I saw too little of Sebastian Barker. Our paths crossed every so often – at a lecture, a poetry reading or a party, at a College reunion in Oxford, or when I interviewed him for PN Review – and each time I came away with a glow, an elated feeling that I’d been with someone quite remarkable. But it wasn’t enough, because Sebastian was not just one of the most brilliant, but one of the most simply loveable people I’ve met. I should have spent more time with him; but somehow it was always postponed, and when I heard that he had been diagnosed with the inoperable cancer which he endured with such radiant equanimity, it was almost too late.

The list of his achievements is extraordinary: degrees in both Natural Science and English, FRSL, Chair of the Poetry Society, member of the PEN executive committee, editor (from 2002 to 2008) of The London Magazine, and an enormous catalogue of poetry books from publishers ranging from the well-known (Enitharmon) to the scarcely-credible (Friday Night Fish). And then there was the house in Greece, ‘a ruin in the mountains of the south west Peloponnese’, which Sebastian bought in 1983 for £780, and restored with the help of local villagers. It became, he said, his ‘home from home for the next 30 years’ – a result of, and ongoing foundation for, his love of modern Greek poetry.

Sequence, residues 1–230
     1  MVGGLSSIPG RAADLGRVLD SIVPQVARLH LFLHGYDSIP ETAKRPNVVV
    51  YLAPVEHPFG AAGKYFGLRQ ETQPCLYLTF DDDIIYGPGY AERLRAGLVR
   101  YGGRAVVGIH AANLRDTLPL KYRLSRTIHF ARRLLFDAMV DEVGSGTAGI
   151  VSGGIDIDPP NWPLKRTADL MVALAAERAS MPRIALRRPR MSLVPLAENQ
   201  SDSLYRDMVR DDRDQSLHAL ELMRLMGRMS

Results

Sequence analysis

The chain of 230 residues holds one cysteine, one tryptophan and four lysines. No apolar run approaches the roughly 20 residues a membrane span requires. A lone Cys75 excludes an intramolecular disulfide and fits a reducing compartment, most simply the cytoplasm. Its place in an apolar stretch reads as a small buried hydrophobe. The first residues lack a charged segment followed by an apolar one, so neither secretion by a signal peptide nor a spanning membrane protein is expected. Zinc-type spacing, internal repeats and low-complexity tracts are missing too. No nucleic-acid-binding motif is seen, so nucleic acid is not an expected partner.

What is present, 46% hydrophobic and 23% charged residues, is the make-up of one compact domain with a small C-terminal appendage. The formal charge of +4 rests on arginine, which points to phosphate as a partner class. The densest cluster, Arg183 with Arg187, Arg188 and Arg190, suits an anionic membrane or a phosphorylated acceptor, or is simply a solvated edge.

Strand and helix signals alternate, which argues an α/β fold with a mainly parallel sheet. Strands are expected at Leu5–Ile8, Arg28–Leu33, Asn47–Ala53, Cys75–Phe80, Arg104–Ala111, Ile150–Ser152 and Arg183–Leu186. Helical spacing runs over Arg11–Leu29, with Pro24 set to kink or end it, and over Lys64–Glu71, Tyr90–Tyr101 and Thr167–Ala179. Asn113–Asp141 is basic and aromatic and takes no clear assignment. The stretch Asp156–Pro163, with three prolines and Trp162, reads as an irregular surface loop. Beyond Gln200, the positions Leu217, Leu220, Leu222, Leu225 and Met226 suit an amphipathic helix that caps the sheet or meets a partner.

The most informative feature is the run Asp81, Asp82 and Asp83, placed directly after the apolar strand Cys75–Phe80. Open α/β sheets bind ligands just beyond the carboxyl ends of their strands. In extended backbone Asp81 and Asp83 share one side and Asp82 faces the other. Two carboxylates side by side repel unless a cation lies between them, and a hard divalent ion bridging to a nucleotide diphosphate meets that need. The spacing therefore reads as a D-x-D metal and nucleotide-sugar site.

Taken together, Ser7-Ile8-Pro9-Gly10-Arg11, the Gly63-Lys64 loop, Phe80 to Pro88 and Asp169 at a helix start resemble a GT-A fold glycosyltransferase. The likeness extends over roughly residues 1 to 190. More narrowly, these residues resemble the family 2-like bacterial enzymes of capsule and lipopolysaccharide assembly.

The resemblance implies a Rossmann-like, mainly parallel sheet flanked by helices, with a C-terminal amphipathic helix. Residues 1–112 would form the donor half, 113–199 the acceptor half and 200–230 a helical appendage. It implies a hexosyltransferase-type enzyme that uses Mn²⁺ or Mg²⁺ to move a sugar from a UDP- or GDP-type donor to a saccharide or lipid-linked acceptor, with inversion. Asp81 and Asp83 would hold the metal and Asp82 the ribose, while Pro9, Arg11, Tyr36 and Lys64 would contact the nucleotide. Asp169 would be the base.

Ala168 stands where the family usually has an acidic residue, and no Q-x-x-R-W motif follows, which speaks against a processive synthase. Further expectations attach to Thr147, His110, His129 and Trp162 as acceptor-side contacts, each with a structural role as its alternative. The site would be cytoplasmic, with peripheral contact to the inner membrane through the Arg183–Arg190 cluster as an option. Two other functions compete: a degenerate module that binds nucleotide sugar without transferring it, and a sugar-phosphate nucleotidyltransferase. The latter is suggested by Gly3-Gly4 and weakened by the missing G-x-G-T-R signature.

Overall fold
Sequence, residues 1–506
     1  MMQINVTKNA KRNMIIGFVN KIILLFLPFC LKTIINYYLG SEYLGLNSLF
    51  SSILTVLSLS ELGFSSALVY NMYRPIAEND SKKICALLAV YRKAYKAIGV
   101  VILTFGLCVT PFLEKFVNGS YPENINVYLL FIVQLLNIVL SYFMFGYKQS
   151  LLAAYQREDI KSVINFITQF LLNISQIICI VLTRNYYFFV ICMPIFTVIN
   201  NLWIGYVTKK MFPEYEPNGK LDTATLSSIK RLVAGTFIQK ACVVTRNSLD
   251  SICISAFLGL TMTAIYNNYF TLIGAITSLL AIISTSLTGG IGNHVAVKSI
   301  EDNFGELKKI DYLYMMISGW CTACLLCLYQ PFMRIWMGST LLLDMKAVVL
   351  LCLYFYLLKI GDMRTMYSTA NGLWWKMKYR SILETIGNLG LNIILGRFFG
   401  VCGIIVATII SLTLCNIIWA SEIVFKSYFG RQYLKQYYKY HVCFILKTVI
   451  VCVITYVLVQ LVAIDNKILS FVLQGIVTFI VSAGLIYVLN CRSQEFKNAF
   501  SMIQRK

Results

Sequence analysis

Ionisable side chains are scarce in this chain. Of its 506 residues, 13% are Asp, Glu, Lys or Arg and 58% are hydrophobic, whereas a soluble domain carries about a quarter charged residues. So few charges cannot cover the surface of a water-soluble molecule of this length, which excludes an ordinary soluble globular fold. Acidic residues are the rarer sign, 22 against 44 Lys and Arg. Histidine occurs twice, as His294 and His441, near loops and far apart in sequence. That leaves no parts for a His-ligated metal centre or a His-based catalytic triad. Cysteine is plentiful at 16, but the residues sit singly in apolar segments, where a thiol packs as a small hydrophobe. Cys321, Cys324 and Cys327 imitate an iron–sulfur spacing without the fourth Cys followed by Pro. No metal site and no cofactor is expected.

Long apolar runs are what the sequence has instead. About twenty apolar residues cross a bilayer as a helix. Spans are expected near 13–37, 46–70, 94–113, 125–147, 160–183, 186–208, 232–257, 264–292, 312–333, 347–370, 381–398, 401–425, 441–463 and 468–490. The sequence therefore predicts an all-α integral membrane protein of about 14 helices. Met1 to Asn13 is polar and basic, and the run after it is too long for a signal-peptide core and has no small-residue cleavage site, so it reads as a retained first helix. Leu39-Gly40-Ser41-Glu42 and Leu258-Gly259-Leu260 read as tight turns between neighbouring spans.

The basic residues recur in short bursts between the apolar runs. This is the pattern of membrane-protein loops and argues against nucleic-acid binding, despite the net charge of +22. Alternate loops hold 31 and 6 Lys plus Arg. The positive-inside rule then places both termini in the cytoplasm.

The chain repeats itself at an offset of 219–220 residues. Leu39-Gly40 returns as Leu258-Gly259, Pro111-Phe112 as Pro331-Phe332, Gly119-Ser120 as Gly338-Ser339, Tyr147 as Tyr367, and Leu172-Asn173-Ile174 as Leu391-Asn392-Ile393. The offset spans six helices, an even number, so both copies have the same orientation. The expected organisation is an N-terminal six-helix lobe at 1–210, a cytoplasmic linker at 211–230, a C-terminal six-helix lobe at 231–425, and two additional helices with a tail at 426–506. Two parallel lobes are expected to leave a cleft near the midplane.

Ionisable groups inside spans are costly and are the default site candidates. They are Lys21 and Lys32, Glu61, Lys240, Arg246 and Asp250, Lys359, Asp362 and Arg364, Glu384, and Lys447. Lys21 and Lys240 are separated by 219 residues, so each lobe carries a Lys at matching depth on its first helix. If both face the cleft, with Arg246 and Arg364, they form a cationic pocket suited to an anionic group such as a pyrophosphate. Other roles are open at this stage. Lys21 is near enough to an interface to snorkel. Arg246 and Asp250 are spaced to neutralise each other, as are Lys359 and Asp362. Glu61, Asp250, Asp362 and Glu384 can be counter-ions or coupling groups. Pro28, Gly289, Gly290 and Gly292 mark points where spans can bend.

Sebastian had a way of cropping up in my life just when I needed him. In the 1990s, when I started to write Touching the Earth, a kind of epic about the life of the Buddha, he founded The Long Poem Group, which held meetings and published a newsletter to discuss long poems: which ones existed, what their characteristics were, what they might do, how to write them. The group was a profound encouragement to me and other writers, and also a forcing-house of seminal ideas about poetry. Later, as editor of this very magazine, Sebastian (a courageous and innovative editor) published my fiction and poetry when I was taking controversial paths which made certain critics and editors uncomfortable.